We might think the odds of lights starting fires is very low, but it happens all the time. We have had to fight structure fires before that started when an electric blanket or a light bulb in a dog house, chicken coop, or barn ignited bedding or some part of the structure. A few years ago a small, local garden center in Ardmore had a fire when the ballast in their plant lights somehow ignited during the night. (I am not sure why the grow lights were on at night....plants need a rest period daily too, just like humans.) We had a structure fire near Thackerville just a couple of nights ago, so fire safety is very much on my mind right now. It is heartbreaking to see someone's home or business burning, and there is nothing you can say to them at a time like that which will make them feel any better.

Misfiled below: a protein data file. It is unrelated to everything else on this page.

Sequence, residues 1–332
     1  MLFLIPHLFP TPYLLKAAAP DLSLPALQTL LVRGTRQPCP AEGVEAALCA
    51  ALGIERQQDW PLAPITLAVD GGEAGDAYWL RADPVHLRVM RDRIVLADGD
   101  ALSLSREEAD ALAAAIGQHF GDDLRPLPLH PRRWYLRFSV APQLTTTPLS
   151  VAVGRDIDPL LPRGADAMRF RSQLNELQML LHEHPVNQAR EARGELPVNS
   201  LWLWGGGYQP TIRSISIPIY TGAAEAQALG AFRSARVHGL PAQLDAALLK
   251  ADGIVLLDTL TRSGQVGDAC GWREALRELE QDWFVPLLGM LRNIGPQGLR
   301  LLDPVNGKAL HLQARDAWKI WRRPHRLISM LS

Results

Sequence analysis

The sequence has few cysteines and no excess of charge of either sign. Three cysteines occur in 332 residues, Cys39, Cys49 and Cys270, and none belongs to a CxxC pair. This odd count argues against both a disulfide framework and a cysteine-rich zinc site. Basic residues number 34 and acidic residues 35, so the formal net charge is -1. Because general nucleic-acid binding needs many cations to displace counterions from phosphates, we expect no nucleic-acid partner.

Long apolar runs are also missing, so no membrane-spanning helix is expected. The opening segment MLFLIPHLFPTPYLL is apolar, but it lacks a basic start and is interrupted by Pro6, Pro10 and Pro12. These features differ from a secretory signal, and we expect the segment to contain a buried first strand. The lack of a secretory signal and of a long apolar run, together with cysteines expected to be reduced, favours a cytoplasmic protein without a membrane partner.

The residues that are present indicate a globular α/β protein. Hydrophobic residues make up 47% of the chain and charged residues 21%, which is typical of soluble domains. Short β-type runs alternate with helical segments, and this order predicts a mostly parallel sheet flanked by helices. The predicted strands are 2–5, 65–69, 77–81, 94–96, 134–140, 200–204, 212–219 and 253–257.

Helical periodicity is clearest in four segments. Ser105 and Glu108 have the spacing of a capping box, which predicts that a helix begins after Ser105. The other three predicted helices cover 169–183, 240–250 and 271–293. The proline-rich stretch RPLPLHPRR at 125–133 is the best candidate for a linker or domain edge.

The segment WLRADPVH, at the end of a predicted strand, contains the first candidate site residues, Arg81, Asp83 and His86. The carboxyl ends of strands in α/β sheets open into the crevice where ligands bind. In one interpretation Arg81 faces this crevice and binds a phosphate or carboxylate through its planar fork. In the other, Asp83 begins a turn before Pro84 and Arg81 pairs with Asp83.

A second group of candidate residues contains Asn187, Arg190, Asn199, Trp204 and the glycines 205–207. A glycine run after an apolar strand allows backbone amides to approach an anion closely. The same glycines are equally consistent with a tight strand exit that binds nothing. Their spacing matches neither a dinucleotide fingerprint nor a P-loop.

To combat damping off, if you keep chamomile tea bags handy during seed-starting time, you can water your seedlings with chamomile tea once a week or so and it helps prevent damping off. Sometimes you can save some of your plants with the chamomile tea. The very moment you first see signs of what might be damping off, if you water the plants lightly with chamomile tea, you usually can save them. I have had the same box of chamomile tea bags for a very long time. I bought them at a Whole Foods in Arlington, TX, and I don't think I've been in that store the last 4 or 5 years, because a Central Market opened in a location closer to us (Southlake, TX). Nowadays, lots of grocery stores carry chamomile teas, as do health food stores, but back then they were a lot harder to find.


    Bookmark   January 18, 2014 at 10:26AM